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What Bristol have made of ex-All Black John Afoa as a rookie coach

By Liam Heagney
Bristol's John Afoa. (Photo by David Rogers/Getty Images)

Bristol have come in for much scrutiny following their slow start results-wise to the new Gallagher Premiership season, but one area Pat Lam isn’t finding fault with is the impact that John Afoa is making in his first campaign as a rookie scrum coach. The 2011 All Blacks World Cup winner hasn’t yet retired as a player – the 38-year-old recently returned off the bench at Newcastle following a calf injury and is available for selection this Saturday at London Irish.


The 2021/22 season hasn’t all been about Afoa regaining his fitness, though, as it was decided last April that the New Zealander, who won 36 caps before heading to play club rugby in Europe in 2011, was confirmed as the scrum coach successor at Bristol to Alasdair Dickinson, a role he would take on alongside his playing commitments.

The Bears finished the last term on top of the Premiership only for them to get beaten in the semi-finals at home to Harlequins, and they have now started the new season sluggishly with just one win from five matches leaving them in twelfth place in the 13-team division.

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What happened when RugbyPass went behind the scenes at Pat Lam’s Bristol Bears
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What happened when RugbyPass went behind the scenes at Pat Lam’s Bristol Bears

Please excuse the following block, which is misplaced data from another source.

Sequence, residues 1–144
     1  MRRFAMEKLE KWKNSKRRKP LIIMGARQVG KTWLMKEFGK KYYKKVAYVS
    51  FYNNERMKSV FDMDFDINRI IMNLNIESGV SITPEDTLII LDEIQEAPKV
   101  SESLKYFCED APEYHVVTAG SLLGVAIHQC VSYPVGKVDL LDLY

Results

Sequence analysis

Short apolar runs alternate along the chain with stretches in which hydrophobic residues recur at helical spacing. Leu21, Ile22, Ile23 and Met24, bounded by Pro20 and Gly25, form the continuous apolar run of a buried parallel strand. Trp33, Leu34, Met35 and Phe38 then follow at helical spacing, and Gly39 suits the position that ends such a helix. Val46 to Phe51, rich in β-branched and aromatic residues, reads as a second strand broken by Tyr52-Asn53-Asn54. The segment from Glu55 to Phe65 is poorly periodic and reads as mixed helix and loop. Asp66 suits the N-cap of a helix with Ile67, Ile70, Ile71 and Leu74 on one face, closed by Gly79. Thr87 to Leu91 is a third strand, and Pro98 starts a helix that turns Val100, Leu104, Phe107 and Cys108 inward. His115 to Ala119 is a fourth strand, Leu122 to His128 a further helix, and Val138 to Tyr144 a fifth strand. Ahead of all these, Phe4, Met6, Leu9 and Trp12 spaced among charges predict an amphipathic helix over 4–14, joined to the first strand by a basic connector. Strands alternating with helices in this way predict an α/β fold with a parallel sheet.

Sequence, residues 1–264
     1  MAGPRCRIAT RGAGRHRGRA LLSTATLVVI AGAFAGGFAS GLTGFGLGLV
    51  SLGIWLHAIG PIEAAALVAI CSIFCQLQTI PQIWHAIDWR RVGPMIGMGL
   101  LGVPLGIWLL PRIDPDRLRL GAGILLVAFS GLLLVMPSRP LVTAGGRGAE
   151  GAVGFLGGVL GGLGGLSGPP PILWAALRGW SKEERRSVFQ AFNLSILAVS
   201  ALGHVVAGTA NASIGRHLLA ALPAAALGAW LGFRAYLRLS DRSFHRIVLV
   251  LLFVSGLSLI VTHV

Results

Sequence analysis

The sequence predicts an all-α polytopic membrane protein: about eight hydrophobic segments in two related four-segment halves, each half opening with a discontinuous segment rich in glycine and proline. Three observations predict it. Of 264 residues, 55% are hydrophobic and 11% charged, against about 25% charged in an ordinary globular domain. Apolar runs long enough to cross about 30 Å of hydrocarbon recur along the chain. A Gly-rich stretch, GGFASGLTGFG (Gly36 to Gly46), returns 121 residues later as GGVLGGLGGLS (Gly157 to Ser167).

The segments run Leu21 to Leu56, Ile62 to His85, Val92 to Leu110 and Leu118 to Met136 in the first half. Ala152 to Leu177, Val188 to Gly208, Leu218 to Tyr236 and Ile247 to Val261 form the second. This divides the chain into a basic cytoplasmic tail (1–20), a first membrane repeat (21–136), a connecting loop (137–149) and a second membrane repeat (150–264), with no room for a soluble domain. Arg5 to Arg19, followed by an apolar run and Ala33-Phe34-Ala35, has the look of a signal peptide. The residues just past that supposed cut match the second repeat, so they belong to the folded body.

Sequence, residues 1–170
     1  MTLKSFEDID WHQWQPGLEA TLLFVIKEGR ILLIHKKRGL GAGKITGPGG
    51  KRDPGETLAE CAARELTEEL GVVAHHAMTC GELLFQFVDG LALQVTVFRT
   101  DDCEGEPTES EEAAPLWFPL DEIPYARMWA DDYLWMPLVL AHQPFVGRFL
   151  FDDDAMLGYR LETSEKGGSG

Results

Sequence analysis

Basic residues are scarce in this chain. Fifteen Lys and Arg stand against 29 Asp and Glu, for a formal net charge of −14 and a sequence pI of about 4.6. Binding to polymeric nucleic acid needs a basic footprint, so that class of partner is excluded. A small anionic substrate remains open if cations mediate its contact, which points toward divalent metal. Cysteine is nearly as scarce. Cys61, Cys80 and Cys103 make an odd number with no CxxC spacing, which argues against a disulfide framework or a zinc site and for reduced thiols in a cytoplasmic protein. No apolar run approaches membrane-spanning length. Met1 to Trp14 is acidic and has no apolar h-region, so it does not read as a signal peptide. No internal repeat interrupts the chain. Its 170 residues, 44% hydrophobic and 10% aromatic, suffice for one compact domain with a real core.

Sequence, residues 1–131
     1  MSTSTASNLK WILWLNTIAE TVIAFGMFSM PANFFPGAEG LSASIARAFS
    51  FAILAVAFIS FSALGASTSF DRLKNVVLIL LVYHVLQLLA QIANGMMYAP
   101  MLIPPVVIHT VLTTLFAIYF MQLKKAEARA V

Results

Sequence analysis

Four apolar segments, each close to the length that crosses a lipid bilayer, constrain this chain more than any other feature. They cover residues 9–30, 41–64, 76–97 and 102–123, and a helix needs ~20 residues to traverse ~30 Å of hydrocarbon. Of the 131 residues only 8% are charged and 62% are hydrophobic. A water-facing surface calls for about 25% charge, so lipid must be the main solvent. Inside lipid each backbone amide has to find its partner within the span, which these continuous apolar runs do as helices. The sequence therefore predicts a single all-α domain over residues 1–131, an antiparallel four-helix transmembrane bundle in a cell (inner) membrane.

Afoa, who signed a one-year extension as a player in March, hasn’t had to do much on the pitch, however. Injury has limited him to just 21 minutes in the games so far, but he has been busy on the training ground trying to ensure that the Bristol scrum is primed as much as it can be in his absence from the team. Lam has enjoyed what he has seen.

“He is a very experienced player, obviously,” said the coach to RugbyPass when asked how Afoa was faring his transition into coaching. “He is 38 now, he has achieved what a lot of people can only dream of achieving but it is not just that, it is him as a person.

“He has got unbelievable respect in this team, unbelievable knowledge, so he is an ideal coach in that sense. And he runs our mentor programme with Joe Joyce and Gethin Watts from the senior academy. He has got that heart to help people so it [coaching] is an easy transition for him.


“What he is doing it on is a subject that he loves, the scrummaging. He has a lot of knowledge but it’s not just that, it is the way that he does his one-to-ones, his presentations, he is doing really well. He is going to be a phenomenal coach in my opinion.”


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